Thank you, Chair.
Thank you to all the panellists for their introductory remarks. This is a very serious case, of course.
My first question is for Mr. Bensimon.
We're dealing with two real factors here. One is the assessment of risk. We have a person who was clearly guilty and found guilty of a violent murder of an intimate sexual partner, with a hammer and a knife. He was in jail for 13 years and then was released.
What would you expect the people conducting a risk assessment to know of the level of risk? Knowing that they had this individual in their custody for 13 years, availability of programs, etc., what would you expect to be put forward to a parole board to assess that risk? Would they have information about his rehabilitation or his capacity to be rehabilitated? What would you expect?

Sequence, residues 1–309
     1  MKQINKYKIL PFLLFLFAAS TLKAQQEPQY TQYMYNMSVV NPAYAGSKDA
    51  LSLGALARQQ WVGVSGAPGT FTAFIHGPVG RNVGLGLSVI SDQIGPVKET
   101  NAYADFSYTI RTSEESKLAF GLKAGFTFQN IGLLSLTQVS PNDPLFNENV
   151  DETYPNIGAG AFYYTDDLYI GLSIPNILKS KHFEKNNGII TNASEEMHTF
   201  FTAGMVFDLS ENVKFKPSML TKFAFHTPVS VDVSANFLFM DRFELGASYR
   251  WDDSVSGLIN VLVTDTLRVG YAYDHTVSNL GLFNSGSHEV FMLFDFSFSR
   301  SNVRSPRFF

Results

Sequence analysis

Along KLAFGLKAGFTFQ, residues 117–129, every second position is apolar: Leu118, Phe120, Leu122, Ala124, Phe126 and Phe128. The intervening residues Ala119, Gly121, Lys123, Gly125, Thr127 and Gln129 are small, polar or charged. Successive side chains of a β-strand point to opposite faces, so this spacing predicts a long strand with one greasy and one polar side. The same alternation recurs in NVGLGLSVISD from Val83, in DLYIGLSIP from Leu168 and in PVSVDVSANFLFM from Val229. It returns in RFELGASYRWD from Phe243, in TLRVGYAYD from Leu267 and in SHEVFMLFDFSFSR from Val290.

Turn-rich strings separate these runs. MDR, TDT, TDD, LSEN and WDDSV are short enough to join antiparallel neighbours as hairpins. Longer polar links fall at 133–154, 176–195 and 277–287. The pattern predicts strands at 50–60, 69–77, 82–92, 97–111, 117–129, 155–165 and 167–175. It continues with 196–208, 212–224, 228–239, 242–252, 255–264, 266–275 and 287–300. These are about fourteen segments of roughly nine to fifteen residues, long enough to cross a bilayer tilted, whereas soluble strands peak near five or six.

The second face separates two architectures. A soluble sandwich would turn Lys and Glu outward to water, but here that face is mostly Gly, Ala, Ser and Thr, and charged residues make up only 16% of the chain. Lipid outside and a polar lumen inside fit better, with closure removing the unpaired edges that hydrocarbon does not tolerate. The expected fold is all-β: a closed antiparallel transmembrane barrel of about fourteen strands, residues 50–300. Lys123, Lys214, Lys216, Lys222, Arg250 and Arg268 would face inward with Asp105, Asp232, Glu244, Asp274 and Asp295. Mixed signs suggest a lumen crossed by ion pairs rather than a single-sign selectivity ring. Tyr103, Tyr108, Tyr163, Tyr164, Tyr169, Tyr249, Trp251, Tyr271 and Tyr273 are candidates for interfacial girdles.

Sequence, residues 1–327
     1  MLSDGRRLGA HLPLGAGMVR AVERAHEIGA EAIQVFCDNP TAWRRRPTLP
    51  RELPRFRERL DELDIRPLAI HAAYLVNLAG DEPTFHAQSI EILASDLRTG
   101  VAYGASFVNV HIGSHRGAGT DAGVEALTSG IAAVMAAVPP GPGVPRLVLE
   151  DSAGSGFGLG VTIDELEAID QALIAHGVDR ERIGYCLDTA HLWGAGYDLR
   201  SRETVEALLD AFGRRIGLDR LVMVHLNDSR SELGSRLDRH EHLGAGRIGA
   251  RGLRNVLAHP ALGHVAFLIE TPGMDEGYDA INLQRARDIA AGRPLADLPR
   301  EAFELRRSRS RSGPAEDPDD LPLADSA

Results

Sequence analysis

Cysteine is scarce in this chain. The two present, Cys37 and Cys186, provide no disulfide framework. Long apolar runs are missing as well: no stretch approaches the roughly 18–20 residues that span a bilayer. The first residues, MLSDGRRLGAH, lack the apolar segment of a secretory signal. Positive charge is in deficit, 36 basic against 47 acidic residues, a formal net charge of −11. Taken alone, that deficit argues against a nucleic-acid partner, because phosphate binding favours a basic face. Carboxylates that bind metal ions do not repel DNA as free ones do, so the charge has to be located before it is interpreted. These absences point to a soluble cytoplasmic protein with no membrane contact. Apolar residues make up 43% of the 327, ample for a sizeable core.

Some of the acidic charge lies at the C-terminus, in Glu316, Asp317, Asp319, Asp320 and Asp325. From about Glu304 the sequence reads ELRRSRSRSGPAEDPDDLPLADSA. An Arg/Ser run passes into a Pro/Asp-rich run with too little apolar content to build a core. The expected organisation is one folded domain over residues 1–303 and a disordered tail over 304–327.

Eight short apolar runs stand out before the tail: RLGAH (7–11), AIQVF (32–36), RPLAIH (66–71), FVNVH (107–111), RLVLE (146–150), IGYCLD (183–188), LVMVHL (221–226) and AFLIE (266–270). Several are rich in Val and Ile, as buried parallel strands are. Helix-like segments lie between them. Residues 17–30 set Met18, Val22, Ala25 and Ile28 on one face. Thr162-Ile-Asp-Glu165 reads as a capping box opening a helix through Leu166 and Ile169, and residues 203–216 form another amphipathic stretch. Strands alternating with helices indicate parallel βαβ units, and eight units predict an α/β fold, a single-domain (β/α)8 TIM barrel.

Perhaps I would suggest a very high degree of likelihood or positive outcome if he's going to get parole.